Frequently asked questions about park conversion
How can we afford it?
If you and your neighbors decide to form a cooperative and buy your community, you will continue paying rent just as you do now. The difference is that instead of the rent money going to an external owner, it goes to the cooperative. The cooperative will use that money to pay its bills, one of which is the mortgage.
The cooperative will borrow the money to purchase the park from financial institutions such as New Hampshire Community Loan Fund and banks.
What costs will come out of my pocket?
Your monthly lot rent and, if you choose to join the cooperative, a one-time membership fee set by the co-op’s members. Your membership can be paid for over time with as little as $10 to $25 down.
What will happen to my rent if we buy the park?
One of your cooperative’s missions will be to provide access to affordable housing for its members. If the cooperative chooses to buy the park, members will vote on the terms of the sale, including what their rents will be. They will then democratically approve the rent structure as part of their annual budget. Typically, cooperatives only increase the rents when operating expenses increase.
Whether you choose to join the cooperative may affect your rent. Most cooperatives charge non-member households a higher rent than members pay.
What will happen to my rent if we DON’T buy the park?
If you or your neighbors choose not to buy the park, you’ll pay your rent to a person or business who wants to make a profit. That usually means rent will rise every year regardless of the park’s costs.
How did the NH Community Loan Fund and ROC-NH get involved?
The New Hampshire Community Loan Fund is a nonprofit organization that helps manufactured-home park residents understand their rights and options under state law when their park is for sale. We’re not the government, and our mission is to help create and preserve affordable housing across the state.
The Community Loan Fund’s ROC-NH program gets involved in one of two ways. When a park owner receives a purchase offer from an outside buyer, the park’s residents are notified and so are we. The second way is when a park owner contacts ROC-NH to negotiate a sale to their residents. Either way, our next step is to notify residents of the potential sale and begin a discussion with them.
What are we buying? Am I buying my lot?
The residents have the opportunity to purchase the current owner’s manufactured-home business, meaning the land and infrastructure (electrical, water, wastewater, etc.) systems, along with any other property owned by that business. If the sale is successful, the resident cooperative will own the business, including all the individual lots.
What happens if we don’t buy the park?
If the owner’s negotiation with residents was triggered by the 60-day notice law, the park can be sold to the outside buyer. Otherwise, the current ownership will continue until the possibility of a sale, and the process starts all over again.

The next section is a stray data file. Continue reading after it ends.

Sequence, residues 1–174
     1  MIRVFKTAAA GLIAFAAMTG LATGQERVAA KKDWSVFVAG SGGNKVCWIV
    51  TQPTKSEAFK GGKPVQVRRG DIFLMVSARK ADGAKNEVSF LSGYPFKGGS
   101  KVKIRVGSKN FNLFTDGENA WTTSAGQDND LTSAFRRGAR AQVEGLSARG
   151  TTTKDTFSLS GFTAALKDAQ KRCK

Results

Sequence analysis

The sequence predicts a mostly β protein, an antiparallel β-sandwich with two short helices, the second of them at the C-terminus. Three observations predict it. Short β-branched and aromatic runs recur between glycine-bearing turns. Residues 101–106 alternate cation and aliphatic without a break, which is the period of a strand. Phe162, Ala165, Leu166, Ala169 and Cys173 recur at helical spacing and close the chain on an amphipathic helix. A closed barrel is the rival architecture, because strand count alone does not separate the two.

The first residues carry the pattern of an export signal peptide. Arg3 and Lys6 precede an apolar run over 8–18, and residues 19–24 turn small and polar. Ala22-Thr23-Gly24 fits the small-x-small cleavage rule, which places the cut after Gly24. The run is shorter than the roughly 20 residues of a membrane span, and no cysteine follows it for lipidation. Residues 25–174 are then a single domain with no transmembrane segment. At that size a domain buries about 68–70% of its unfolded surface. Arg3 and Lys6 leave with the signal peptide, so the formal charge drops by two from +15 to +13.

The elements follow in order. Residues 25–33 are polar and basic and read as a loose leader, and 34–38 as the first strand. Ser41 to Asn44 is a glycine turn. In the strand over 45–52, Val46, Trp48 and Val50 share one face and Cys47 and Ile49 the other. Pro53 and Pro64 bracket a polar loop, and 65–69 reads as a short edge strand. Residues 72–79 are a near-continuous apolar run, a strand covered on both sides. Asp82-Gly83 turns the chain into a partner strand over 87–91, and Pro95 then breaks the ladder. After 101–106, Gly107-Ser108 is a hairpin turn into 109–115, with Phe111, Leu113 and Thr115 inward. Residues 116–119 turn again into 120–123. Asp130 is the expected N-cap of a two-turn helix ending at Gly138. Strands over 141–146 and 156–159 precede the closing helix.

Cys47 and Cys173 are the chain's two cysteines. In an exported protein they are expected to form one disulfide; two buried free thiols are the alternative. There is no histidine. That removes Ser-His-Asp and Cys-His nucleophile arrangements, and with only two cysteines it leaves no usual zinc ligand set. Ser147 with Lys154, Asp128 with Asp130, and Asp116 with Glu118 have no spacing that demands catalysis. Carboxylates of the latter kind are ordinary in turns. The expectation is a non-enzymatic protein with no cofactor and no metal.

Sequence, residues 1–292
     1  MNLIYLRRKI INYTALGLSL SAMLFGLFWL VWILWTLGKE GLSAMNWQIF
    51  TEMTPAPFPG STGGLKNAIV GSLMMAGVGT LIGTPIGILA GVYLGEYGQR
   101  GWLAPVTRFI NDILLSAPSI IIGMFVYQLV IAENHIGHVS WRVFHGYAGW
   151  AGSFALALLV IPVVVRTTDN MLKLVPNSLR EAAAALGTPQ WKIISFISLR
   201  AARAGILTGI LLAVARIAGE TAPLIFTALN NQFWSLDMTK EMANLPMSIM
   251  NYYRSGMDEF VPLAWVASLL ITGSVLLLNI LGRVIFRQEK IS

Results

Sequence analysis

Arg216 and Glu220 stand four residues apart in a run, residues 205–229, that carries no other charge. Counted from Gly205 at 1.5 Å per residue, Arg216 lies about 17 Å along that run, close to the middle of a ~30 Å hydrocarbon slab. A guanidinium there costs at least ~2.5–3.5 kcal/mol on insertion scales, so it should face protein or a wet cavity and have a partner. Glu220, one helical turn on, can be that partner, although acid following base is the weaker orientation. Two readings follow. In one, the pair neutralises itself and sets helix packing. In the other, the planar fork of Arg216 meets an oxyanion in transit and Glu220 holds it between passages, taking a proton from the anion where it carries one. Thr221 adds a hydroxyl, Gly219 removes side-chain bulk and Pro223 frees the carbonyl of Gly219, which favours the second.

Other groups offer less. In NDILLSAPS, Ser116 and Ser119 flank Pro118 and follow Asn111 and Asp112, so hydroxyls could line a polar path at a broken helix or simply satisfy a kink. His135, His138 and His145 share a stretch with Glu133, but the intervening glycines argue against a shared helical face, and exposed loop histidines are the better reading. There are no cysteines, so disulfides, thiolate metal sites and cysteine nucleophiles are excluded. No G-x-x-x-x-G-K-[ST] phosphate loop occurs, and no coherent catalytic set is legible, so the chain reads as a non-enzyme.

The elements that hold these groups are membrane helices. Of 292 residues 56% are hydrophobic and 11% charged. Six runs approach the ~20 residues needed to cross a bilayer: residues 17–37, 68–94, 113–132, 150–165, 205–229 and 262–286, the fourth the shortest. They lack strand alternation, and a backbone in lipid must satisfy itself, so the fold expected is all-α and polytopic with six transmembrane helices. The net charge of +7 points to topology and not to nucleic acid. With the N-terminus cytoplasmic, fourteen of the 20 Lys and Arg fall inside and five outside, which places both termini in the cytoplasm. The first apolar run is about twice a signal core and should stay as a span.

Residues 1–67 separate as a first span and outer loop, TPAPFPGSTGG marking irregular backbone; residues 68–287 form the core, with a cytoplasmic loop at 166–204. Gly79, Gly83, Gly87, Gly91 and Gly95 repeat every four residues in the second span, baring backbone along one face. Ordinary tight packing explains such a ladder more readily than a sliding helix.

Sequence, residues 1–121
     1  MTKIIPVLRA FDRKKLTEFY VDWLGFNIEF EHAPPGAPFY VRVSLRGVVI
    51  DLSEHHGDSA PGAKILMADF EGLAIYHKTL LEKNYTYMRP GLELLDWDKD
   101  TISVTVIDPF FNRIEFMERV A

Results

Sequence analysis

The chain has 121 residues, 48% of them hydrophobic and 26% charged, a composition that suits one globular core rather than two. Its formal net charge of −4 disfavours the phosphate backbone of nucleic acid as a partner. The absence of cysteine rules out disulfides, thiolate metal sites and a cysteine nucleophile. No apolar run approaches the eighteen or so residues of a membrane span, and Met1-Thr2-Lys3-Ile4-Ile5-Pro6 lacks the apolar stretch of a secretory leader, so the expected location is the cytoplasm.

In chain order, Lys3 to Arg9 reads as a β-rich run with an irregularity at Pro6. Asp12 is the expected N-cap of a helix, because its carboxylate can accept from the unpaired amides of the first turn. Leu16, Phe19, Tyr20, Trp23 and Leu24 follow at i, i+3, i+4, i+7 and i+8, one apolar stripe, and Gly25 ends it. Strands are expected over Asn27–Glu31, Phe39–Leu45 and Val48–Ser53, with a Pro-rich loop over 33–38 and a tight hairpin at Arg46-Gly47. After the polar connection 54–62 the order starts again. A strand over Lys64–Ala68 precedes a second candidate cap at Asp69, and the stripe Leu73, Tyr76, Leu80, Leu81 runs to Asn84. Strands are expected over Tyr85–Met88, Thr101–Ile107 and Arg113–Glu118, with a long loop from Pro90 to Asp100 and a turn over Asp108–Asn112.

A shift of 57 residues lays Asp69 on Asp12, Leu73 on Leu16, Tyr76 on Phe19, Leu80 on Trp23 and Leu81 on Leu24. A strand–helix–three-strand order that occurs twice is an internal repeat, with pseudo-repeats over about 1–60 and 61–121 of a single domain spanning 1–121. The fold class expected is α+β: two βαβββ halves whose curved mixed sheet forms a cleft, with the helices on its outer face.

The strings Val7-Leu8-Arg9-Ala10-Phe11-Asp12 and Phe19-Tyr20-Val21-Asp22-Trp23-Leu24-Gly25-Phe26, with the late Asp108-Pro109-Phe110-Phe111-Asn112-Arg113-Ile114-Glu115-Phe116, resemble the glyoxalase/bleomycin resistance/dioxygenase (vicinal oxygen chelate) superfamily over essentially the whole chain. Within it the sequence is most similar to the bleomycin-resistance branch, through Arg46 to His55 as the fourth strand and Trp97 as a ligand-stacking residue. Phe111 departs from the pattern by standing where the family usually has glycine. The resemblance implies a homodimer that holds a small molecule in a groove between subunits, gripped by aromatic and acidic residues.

Do we have to pay what the seller wants?
Under New Hampshire law, the only requirement of the seller is to “negotiate in good faith” with residents. Historically, this has been interpreted to mean the residents match the competing offer.
A negotiated sale in which the park owner doesn’t have an offer from an outside buyer is just that—a negotiation. The two parties need to agree on price.
Why would we buy this park? It hasn’t been well-maintained
Who better to make sure the park is maintained and improved than the people who live there? Plus, cooperative ownership means there will be more money for the park’s operation and improvement. The profit that would typically go to an outside owner instead becomes savings held in reserve funds for community upgrades and improvements.
How does the Community Loan Fund get paid?
Like any other lender, the Community Loan Fund earns interest on loans to its borrowers. If your cooperative buys the park, it may also choose to hire us to supply technical assistance to help you purchase and manage it. But loan interest and fees aren’t enough to keep the Community Loan Fund in business. As a nonprofit, we also rely on donations, grants, and investments to keep our lending programs going. We receive very little government funding.
Who is going to do the work the owner used to do?
That decision is up to the cooperative membership. In some co-ops, volunteers take on as many tasks as possible to save the co-op money and keep rents low. Others hire a management company to handle the day-to-day financial transactions, and contractors for projects, and the co-op’s board of directors supervises their work.
Do I have to become a member of the cooperative?
Residents may join the cooperative as members at any time, but they’re not required to. Only cooperative members get to vote on the budget, elect a board of directors, and participate in other important community decisions. It makes sense to be a member.
Can I sell my house?
Yes, you can sell your home in a cooperative just as you would if anyone else owned the park. Living in a ROC actually gives you an advantage, because your buyer will have access to fair, fixed-rate home financing that isn’t available in investor-owned communities.
ROC-NH™ is a program of the New Hampshire Community Loan Fund, Inc. and a ROC USA® Certified Technical Assistance Provider. ROC-NH is a registered service mark of ROC USA, LLC.